Receiving your salary in your Indian account may lead to it getting taxed in India even if you are non-resident, although there are complex rules and judicial decisions at play here. A prudent precautionary measure can be to receive the salary in the overseas account and then transfer it to India.
Residency under FEMA (Foreign Exchange Management Act) is different from residency under the Income-tax Act. If you are here on a temporary visit and have not spent more than 182 days in the previous FY in India (as opposed to the current year), then, generally, you are non-resident under FEMA.
Where is tax deducted when I am credited my salary from my employer who is based abroad?
Most countries have provisions similar to TDS (Tax Deducted at Source) in India and this is likely to be deducted by your foreign employer even if you are an Indian resident in a particular financial year. TDS is a means of collecting tax on income and the amount deducted will be remitted to the Indian Government.
The foreign employer is likely to deduct TDS from your salary as per the laws of that country. You can claim it as credit while filing your ITR in India, depending on the Double Tax Avoidance Agreement (DTAA) in question. Getting a Tax Residency Certificate (TRC) from India may be required by some countries to prevent TDS but this is a manual process in India involving a physical application to the assessing officer.
Those residing in the UAE, Kuwait, Oman, Qatar and several other countries enjoy the benefit of double taxation avoidance agreement between the host countries and India. Benefits can be derived in the case of income, interest on bank deposits and withdrawal of funds.
The Double Tax Avoidance Agreement is a treaty signed by two countries. The agreement is signed to make a country an attractive destination as well as to enable NRIs to get relief from having to pay taxes multiple times. DTAA does not mean that the NRI can completely avoid taxes, but it does mean that the NRI can avoid paying higher taxes in both countries. DTAA does allow an NRI to cut down on their tax implications on the income earned in India. DTAA also reduces the instances of tax evasion.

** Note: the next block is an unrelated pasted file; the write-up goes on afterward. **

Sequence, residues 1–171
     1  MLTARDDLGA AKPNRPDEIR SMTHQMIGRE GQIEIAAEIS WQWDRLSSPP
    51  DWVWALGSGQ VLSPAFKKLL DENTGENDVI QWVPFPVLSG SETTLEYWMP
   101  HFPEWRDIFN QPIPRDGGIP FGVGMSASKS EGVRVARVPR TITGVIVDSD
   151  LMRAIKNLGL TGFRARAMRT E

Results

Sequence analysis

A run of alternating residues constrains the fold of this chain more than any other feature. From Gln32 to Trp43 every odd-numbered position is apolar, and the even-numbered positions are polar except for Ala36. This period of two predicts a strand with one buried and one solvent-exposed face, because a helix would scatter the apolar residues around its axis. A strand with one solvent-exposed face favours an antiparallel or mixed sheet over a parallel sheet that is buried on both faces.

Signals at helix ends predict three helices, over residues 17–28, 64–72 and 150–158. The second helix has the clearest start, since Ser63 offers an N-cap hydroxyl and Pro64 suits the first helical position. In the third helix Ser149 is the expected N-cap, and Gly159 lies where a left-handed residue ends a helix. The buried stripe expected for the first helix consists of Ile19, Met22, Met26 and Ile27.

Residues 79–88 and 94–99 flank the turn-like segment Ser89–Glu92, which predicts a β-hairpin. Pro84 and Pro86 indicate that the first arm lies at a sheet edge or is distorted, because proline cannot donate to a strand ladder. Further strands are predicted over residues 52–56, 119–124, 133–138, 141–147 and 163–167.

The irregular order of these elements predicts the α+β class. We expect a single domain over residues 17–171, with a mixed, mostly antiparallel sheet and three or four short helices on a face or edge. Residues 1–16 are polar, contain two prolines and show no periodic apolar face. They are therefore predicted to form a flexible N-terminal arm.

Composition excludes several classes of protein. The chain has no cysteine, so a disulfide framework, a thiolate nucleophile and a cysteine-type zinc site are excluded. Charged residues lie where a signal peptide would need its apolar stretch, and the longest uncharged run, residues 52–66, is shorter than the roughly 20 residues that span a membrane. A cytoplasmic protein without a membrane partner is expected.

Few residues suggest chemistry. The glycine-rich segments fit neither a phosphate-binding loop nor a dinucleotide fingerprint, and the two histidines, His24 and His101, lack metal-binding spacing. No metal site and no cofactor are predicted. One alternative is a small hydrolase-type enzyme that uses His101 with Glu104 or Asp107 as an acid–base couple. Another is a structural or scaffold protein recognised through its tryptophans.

To understand the income tax implications for individuals who are working from India while being employed for overseas companies, it is key to clearly understand your resident status, which differs with each individual – depending on when you arrive in the country and the duration of your stay so far.
So if you are a NRI planning to return to India for good, they should time their journey in such a way that their tax liability in India is reduced to the minimum as the change of non-resident status to resident will obligate them to pay taxes on their global income, including his end of service benefits such as gratuity.
Dubai-based tax experts recommend that NRIs should plan their return to India during the last two months of the financial year, i.e. in February or March, in which case he will be allowed to retain his NRI status for one year and ‘not ordinarily resident’ status for one more year, and third year onwards he will be considered resident of India.
Also, when it comes to forex-related challenges, receiving your salary in your Indian account may lead to it getting taxed in India even if you are non-resident. So, like mentioned above, a prudent precautionary measure can be to receive the salary in the overseas account and then transfer it to India.
Ensure where tax is deducted in your income, which depends on where your salary is credited when working for an overseas employer from India. If your income is credited in the country your employer is based in, and if the country – like the UAE – doesn’t have income tax deductions, then keep in in mind just forex related charges – which can be significant.